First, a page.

When I read that headline a few weeks ago I was hit with so many competing thoughts it was hard to articulate even a single word in response. A photojournalist (true professional) in North Korea (incredibly harsh atmosphere) winning an…Instagram award.
On one hand, chief Asia photojournalist David Guttenfelder for the Associated Press has been recognized for his extraordinary images of life inside North Korea, and rightly so. It’s a collection of revealing photos that might not otherwise be afforded to us, and certainly not in such an accessible, widely-sweeping manner.
On the other hand, he’s being recognized by a platform so frequently mocked for its users’ often banal, overly-filtered subject matter, the name “Instagram” has in many ways become synonymous with “hipster food photography”. I would have expected their photographer of the year to be the user with the most popular shots of club sandwiches, PBR and bare feet condescendingly buried in sand on beaches where you currently aren’t.
But then I read the article. And I actually looked at Guttenfelder’s Instagram feed. And, having completely descended from my high horse and actually endeavored to crawl beneath it, I realized I had fallen victim to the very line of thinking I’ve been battling for nearly a decade. The truth behind Guttenfelder’s accomplishment is this: no matter how new a platform may be or how unremarkably it may be used by some, it can still enable a unique, entertaining or provoking message to make an profound impact.
He has done what many photographers and photojournalists – nay, what everyone – is being forced to do.
I said everyone. And if you’re a communicator for your brand, personal identity or product, I mean you most of all. It is critical that we all recognize two things: one, that instances of media consumption occur in completely different ways than they once did, and two, that more and more of those instances are occurring through visual communication alone.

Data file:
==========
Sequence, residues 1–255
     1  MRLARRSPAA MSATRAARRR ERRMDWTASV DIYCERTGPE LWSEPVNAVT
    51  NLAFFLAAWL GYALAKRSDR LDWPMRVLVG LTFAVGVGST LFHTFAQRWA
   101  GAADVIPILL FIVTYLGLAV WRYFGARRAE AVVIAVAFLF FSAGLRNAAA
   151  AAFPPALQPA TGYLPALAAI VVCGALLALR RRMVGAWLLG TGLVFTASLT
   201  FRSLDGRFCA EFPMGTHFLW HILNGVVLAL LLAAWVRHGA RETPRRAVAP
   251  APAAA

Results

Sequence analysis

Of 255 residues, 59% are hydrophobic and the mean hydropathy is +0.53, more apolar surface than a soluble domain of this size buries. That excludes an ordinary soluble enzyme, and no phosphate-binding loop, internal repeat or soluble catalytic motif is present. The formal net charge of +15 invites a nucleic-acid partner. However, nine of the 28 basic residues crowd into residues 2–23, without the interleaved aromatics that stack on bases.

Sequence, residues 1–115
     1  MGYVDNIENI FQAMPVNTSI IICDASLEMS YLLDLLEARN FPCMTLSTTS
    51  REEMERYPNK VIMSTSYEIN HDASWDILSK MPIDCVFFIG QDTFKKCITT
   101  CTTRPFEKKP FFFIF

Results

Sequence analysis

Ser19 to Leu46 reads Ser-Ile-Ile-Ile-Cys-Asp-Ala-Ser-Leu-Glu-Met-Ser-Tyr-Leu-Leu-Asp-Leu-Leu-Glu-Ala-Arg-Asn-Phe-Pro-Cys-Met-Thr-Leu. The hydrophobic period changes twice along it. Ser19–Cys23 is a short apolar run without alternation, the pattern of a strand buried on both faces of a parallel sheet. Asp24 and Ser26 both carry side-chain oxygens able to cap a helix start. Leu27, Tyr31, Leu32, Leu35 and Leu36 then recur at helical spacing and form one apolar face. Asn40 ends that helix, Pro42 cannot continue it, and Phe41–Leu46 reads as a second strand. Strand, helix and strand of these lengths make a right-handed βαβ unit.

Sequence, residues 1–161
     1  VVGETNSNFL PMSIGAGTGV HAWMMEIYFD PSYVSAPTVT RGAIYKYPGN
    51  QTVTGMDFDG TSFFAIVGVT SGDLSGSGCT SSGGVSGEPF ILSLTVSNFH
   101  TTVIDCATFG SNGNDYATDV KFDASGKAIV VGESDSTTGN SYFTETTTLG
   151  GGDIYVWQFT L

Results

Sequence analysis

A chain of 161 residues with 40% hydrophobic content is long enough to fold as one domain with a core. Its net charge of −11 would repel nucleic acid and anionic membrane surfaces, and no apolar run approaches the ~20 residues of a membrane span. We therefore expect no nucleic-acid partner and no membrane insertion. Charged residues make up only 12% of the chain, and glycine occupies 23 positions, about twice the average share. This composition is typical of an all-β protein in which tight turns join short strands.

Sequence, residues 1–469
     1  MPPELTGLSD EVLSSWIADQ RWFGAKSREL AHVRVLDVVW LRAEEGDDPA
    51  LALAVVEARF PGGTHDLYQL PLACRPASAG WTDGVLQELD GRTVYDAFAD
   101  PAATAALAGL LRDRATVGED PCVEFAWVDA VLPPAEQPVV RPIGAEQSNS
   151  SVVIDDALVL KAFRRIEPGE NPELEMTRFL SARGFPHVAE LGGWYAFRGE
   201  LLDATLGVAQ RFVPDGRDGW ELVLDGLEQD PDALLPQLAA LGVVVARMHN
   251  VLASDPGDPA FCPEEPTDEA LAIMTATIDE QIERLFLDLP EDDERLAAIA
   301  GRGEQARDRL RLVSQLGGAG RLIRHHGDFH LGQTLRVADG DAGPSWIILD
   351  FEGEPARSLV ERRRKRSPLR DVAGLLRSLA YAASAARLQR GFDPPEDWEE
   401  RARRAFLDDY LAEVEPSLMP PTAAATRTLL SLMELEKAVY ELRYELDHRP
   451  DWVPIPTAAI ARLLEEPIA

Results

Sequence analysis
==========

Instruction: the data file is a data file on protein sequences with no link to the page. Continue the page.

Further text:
These lessons aren’t new. The biggest names in marketing, PR and advertising have been teaching them for years, but all we really need to do to find sufficient evidence is take a look into our own past. From the very beginning, we as a species have expressed our loves, fears, dreams, designs and history through visual means. And quite amazingly, we now have more opportunities to chronicle who we are, what we want and how we live than ever before.
Pew Research Center’s Maeve Duggan, who authored a report on photo and video sharing last October, said it best: “Pictures document life from a special angle, whether they relate to small moments, personal milestones, or larger news and events. Mobile connectivity has brought these visuals into countless lives in real-time. This all adds up to a new kind of collective digital scrapbook with fresh forms of storytelling and social bonding.”
Any brand that proactively adjusts their communications strategy to reflect this trend is far ahead of the game. And digital imaging brands, in particular, have fewer excuses than most as to why they haven’t engaged their audiences visually and socially. It doesn’t matter whether you prefer the click of a shutter or the silent flash of a smartphone. What matters is the unique perspective you can provide in a single moment and your willingness to put it out into the world where others can experience it, learn from it and pass it along.
So just take the photo, already.
…And maybe consider joining Instagram.